1. YES, this will be my first year homeschooling! Brady, my son, is five years old; and Kaitlyn, my daughter, is three. So I’ll just be homeschooling kindergarten for now. 🙂
        They’ll be second-generation homeschoolers, as I was taught at home (via Christian Liberty Academy) from age 6 through 18 by my mom. Of course, that was a long time ago and during a time when – if you were taught at home – people looked at you as though you were in a cult. HA! We were one of the first waves of homeschoolers, and there was a lot of distrust. I am definitely relieved to be teaching during a time when the choice is much more respected, and people – to some degree – realize just how great the education can be!
        It took years of prayer to decide – for sure – that we were going to homeschool, but I know now – more than ever – that it’s the right choice for us. School systems are going to be under SO many guidelines in the fall, and it’s potentially going to be hard for the kids. So that has only fueled my fire and really confirmed that teaching my son at home is the best decision for him. (And, of course, I have many other reasons too).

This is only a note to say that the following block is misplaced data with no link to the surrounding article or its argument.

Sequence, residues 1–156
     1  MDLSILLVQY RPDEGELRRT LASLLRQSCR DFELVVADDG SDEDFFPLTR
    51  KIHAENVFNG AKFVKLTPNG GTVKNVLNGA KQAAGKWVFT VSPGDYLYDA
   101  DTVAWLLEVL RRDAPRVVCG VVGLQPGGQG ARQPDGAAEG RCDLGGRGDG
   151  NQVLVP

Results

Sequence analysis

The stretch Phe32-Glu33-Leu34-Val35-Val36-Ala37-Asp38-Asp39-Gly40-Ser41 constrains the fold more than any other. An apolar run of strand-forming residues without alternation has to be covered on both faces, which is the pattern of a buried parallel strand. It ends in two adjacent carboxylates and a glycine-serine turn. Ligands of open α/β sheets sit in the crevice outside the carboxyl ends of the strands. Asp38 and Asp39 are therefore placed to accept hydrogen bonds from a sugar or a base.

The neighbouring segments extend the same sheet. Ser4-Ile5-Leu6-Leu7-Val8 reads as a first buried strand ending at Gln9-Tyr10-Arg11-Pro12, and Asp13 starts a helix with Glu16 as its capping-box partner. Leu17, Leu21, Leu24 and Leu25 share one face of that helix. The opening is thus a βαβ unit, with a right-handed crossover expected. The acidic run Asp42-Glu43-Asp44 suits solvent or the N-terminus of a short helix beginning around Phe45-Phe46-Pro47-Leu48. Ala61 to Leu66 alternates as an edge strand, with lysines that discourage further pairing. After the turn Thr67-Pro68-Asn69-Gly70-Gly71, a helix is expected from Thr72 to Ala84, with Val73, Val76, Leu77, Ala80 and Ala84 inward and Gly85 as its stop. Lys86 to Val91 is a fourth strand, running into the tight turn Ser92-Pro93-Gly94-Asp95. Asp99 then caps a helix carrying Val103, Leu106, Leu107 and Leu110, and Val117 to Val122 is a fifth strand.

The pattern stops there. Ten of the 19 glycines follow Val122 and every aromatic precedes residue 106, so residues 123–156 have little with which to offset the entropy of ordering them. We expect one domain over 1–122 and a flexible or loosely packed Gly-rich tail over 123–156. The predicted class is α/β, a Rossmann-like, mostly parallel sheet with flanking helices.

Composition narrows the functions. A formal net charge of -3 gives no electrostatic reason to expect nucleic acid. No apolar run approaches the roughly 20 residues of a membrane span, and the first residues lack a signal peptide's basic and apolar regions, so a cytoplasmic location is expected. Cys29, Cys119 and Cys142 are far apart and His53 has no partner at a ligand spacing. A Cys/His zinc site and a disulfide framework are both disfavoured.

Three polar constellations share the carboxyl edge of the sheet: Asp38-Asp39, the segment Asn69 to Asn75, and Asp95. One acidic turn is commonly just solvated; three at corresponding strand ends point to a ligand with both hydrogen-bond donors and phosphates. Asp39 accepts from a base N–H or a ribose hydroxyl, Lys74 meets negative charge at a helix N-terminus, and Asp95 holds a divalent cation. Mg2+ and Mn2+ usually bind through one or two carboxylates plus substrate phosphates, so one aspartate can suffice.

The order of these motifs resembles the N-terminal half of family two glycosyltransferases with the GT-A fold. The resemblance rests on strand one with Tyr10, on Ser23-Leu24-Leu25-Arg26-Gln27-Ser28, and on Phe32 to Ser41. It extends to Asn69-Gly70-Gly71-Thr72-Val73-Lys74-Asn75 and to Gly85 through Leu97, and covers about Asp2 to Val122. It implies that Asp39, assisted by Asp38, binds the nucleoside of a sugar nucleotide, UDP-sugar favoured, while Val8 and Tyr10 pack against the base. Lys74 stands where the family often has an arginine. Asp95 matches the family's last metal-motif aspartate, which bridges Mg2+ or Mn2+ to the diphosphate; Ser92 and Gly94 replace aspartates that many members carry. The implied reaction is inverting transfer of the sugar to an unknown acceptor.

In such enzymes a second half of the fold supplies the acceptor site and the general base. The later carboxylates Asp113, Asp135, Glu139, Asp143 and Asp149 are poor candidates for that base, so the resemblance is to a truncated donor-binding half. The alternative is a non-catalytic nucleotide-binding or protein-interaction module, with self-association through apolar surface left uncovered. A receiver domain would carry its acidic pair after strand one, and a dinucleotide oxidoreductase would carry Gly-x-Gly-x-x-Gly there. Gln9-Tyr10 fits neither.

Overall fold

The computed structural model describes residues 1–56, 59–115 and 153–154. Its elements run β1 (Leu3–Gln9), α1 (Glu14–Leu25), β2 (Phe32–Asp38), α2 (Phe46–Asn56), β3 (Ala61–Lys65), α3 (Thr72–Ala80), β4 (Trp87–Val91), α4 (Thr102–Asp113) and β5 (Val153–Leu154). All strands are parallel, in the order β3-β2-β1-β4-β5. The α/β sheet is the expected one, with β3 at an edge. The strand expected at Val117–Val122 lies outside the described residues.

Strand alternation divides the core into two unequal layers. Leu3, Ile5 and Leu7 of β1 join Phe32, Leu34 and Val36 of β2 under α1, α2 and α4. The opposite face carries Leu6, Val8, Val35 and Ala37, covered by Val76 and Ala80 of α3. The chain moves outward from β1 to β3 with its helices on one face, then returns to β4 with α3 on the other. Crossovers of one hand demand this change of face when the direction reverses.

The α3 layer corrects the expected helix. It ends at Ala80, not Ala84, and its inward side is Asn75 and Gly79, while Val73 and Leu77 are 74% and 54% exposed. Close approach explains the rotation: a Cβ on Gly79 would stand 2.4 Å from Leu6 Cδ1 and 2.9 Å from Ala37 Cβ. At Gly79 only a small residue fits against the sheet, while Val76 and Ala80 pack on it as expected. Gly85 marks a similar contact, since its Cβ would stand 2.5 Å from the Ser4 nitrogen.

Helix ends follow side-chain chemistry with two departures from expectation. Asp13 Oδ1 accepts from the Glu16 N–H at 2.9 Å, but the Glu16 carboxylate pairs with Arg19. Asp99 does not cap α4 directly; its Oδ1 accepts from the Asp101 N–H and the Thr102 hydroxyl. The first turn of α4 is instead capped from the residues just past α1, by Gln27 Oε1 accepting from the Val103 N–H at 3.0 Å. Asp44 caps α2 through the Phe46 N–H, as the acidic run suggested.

I know it will be a huge commitment, but I’m also VERY excited. I LOVED being homeschooled, and I’m forever grateful to my mom for the amazing education she gave me. 🙂 And YES, that’s understandable that this year has been really hard for you! Pandemic homeschool life is so much different than usual homeschool life!! I’m a stay-at-home mom (although I teach piano part-time), and what I face on a daily basis right now is SO much harder than what it was months ago. I was not meant to stay home all day, every day. Ha, ha!! 🙂

        Liked by 1 person

      2. That’s incredible! What a testimony you have. I can’t imagine having homeschooled back in the day when people really did judge and look down on it. I’ll admit, I was totally against it myself and even thought that it was wrong of parents to do for a while. Boy, did God ever change my heart once I had my own children and FINALLY understood the love and sacrifice behind that decision!